In this, the first in a series of articles exploring the post-referendum settlement, we meet several ordinary Scots who breathed a sigh of relief on the morning of September 19th.
Margaret, 55, from Glasgow East
Margaret had worked in Edinburgh for years, before deciding in 2010 to apply for a new job in London.
“I was really scared that all the time I’d put into my career was going to count for nothing”, she explained. “I finally secured myself a huge pension and a cosy retirement down here where it matters, after slogging away for years in the regional office. It’s all well and good saying the poor and the needy would have been better off, but I have to think about my own career.”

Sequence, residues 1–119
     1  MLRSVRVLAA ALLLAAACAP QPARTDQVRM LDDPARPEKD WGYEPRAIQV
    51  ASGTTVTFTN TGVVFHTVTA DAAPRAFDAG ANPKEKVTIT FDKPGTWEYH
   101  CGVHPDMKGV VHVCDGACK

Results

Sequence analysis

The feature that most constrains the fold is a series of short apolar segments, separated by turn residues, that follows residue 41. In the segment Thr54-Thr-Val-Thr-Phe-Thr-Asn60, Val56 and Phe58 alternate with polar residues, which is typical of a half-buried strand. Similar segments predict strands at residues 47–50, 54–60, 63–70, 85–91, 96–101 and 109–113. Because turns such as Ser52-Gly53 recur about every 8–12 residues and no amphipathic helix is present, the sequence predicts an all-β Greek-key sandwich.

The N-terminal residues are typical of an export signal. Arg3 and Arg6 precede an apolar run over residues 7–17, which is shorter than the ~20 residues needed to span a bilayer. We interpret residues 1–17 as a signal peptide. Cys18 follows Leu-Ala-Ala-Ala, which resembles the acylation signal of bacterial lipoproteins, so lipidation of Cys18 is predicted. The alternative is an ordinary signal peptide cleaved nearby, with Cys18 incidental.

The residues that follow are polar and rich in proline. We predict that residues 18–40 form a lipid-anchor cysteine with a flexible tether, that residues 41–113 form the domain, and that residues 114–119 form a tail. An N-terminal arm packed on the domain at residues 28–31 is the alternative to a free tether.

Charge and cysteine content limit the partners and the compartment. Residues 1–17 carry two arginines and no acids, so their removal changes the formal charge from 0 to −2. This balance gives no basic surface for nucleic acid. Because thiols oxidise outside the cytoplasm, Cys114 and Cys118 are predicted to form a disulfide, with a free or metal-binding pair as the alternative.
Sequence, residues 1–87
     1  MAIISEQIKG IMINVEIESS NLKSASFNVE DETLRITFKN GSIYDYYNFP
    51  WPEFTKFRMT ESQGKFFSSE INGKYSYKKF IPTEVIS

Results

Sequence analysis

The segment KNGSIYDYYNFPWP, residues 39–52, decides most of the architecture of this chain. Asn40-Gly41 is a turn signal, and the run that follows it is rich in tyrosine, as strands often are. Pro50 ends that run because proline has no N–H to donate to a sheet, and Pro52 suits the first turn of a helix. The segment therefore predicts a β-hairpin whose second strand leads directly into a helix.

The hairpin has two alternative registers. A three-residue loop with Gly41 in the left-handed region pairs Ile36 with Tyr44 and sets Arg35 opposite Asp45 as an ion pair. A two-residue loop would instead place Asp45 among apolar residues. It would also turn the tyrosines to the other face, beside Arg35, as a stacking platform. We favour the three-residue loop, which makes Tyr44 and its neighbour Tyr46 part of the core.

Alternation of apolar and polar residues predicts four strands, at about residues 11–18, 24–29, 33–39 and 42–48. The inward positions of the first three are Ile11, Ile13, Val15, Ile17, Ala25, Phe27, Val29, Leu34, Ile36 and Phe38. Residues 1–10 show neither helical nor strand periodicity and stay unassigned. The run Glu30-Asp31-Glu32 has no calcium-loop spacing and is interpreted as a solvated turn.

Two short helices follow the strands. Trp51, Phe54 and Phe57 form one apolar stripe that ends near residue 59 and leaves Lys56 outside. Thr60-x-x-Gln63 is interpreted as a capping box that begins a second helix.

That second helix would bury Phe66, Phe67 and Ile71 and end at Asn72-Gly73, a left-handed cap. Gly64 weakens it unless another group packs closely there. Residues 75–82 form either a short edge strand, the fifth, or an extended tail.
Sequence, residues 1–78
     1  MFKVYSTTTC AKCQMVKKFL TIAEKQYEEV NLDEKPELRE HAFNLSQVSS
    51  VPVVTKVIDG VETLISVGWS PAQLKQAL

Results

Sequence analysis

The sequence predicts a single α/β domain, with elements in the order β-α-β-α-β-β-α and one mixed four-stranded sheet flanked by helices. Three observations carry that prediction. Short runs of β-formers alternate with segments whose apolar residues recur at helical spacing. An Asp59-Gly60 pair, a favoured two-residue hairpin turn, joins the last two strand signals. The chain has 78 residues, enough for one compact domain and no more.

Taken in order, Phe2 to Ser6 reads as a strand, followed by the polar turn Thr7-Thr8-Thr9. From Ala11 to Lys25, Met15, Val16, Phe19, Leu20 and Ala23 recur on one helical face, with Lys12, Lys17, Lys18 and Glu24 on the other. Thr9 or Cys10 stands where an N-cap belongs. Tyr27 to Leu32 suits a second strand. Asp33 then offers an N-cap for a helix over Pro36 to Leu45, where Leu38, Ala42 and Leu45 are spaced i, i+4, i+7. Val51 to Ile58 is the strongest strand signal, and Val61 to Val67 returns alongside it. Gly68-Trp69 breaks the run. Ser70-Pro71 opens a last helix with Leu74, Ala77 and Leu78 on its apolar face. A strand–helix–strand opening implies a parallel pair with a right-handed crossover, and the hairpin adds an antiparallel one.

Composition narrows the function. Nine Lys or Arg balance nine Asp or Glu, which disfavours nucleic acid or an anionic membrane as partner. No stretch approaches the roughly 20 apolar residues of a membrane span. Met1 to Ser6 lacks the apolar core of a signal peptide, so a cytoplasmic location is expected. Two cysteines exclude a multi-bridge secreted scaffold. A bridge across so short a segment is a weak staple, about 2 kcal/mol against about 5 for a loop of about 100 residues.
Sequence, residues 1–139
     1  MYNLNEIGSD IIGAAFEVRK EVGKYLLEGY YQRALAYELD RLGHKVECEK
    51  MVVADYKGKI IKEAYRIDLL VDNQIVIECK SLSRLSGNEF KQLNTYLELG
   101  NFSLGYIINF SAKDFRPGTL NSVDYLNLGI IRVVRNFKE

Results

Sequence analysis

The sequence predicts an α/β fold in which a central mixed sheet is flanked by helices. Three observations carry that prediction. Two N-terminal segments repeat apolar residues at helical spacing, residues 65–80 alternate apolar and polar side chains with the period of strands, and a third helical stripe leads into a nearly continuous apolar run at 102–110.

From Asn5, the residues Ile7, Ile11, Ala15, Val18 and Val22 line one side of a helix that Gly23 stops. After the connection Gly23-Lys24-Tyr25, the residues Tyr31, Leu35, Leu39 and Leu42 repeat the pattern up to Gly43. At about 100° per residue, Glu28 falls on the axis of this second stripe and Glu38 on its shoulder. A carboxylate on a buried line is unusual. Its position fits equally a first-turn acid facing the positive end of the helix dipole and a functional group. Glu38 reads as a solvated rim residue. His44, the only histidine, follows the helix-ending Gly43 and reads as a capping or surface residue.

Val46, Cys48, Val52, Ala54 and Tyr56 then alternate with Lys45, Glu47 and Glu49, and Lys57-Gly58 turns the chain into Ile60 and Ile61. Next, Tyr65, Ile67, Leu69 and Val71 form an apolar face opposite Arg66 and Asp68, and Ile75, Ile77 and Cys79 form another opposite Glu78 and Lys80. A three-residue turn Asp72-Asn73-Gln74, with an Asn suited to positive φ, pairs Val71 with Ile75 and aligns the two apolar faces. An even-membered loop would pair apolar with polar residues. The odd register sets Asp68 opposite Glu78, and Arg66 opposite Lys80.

Jim, 47, from East Renfrewshire
Jim worked for the National Union of Students in the 1990s, before taking up a job in London in 1997.
“On a personal level, a Yes vote would have been disastrous”, Jim told us. “Just now I’m earning a basic salary of £66,396 plus expenses in 2013/14 of £196,969.33, so obviously I’m bloody delighted that things turned out the way they did.”
“Hopefully my work over the last few months will stand me in good stead for another promotion soon enough.”
Gordon, 63, from Kirkaldy
Gordon worked in London from 1983 until his semi-retirement in 2010.
“I basically stopped showing up for my day job in 2010”, Gordon told us, “so now I spend time giving after-dinner speeches. I’ve made over a million pounds on the side this way, so obviously I don’t want my stature to be diminished by a silly idea like Alex Salmond’s.”
In our next article, we’ll meet some of the less well-off Scots, whom the referendum result has condemned to a future of food banks, illegal wars and marginalisation…